When filmmaker Shola Lynch appeared in the December 2006 issue of Black Enterprise, her Angela Davis documentary, Free Angela & All Political Prisoners, then in the works, only warranted a one-sentence mention at the very end of the article. Fast forward to the present, and Free Angelaâwhich has been eight years in the makingâseems to have taken on a life of its own. Marquee names such as Jada Pinkett Smith and Jay-Z are attached to the film, and on Friday it is being released in selectÂ theatersÂ nationwide.
Lynch, who made her directorial debut with the award-winningÂ Chilshom â72: Unbought & Unbossed, says that Free Angela & All Political Prisoners was inspired by the questions she had surrounding the world-famous activist.
âShe was a 26-year-old philosophy professor. How and why did she become an international political icon? How is that possible?â asks Lynch, who wrote and directed the film.
Lynch admits that while she had an Angela Davis T-shirt, she had heard Davis speak at an event, and knew that Davis was once chased by the FBI, that was the extent of her knowledge of the political icon.
âThis is an experience that hundreds of thousands of people have had,â Lynch says. âI realized that we couldnât really tell you why we knew her. We knew she was important, but whatâs the story?â
Free Angela & All Political Prisoners opens with a silhouette of Davisâ iconic afro, and goes on to show her rise to an international political figure through interviews, old footage, recordings, photography, sketches, letters, files, and reenactments. The film follows Davisâ story through the early seventies, from the controversy surrounding her appointment as a philosophy professor at the University of California to being on the FBI’s 10 Most Wanted list to standing trial for murder, kidnapping, and criminal conspiracy.
âIt actually turned out to be a political crime thriller with a love story in the middle of it,â Lynch says. âWho knew?â
The love story, one of several surprising aspects of the film, shows the romance that formed between Davis and George Jackson, one of the “Soledad Brothers” (Davis was an outspoken advocate for the release of the Brothers, three unrelated California inmates who were being charged with the death of a prison guard, and whom she considered political prisoners). Georgeâs younger brother, Jonathan, who was a friend of Davis, led a botched kidnapping of a judge that left four people dead. The guns used in the kidnapping attempt were registered in Davisâ name, setting off a chain of events that indubitably changed the course of her lifeâand making for a very complicated love story.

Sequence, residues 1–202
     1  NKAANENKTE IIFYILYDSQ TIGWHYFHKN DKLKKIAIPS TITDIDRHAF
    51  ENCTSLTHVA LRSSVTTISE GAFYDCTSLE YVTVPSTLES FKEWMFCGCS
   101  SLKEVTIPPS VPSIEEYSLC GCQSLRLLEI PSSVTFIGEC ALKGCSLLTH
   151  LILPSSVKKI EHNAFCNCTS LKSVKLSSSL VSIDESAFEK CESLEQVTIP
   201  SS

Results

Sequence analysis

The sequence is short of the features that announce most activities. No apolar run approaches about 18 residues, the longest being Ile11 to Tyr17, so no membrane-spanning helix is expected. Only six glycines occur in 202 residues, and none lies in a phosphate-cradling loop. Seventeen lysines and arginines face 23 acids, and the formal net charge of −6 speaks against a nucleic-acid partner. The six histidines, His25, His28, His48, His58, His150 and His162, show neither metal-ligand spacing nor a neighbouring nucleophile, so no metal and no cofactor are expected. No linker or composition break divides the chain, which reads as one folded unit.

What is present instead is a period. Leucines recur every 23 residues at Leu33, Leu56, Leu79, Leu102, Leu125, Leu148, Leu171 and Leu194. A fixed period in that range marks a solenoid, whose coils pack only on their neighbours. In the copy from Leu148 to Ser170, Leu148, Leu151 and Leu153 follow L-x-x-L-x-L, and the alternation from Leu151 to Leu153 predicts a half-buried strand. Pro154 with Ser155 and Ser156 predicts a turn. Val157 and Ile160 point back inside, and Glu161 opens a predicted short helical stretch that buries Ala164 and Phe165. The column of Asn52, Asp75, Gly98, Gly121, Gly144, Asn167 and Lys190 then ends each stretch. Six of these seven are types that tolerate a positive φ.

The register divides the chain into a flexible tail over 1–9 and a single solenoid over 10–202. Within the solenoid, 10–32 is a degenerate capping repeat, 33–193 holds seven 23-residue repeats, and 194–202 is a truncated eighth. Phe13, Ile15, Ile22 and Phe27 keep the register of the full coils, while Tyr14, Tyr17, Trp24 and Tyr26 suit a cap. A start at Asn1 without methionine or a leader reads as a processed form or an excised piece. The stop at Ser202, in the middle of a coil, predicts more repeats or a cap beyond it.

Lynch says that Davisâ relationship with George was central to the story because the prosecutor in Davisâ trial, the late Albert Harris Jr., then assistant district attorney, built his case around it.
âHis whole theory of the crime was that she was a woman in love, almost crazily in love,â Lynch says. âSo she masterminded a plot to kidnap a judge, in exchange for her lover, who was in prison.â
Lynch stops short of describing George as Davisâ boyfriend or saying that they were in love, but the documents in the film, including love letters between the two, speak for themselves.
For all the insights that the film offersâincluding Davisâ surprisingly limited involvement with the Black Panther Partyâthere is one question that remains unanswered: How did Jonathan get his hands on Davisâ guns? Lynch finds the question interesting, as she says audiences havenât really fixated on that detail. She says there are two theories, and one was the prosecutorâs suggestion that Davis was the mastermind who gave Jonathan the guns. The defenseâs argument was that Davis would not be so dense as to plan a kidnapping and then give someone guns that were registered in her name.
Because no one could say they witnessed Jonathan taking the guns, itâs up to audiences to look at the evidence and come to their own conclusions.
âYou have two competing theories of the crime, and itâs left to the jury to decide which is true,â Lynch says. âI present it in the way that the jury would have been presented with the information.â
Lynch says there are many details to the story, but âas filmmaker, as a historian, and as a storyteller, thereâs not one detail left out that would change the narrative.â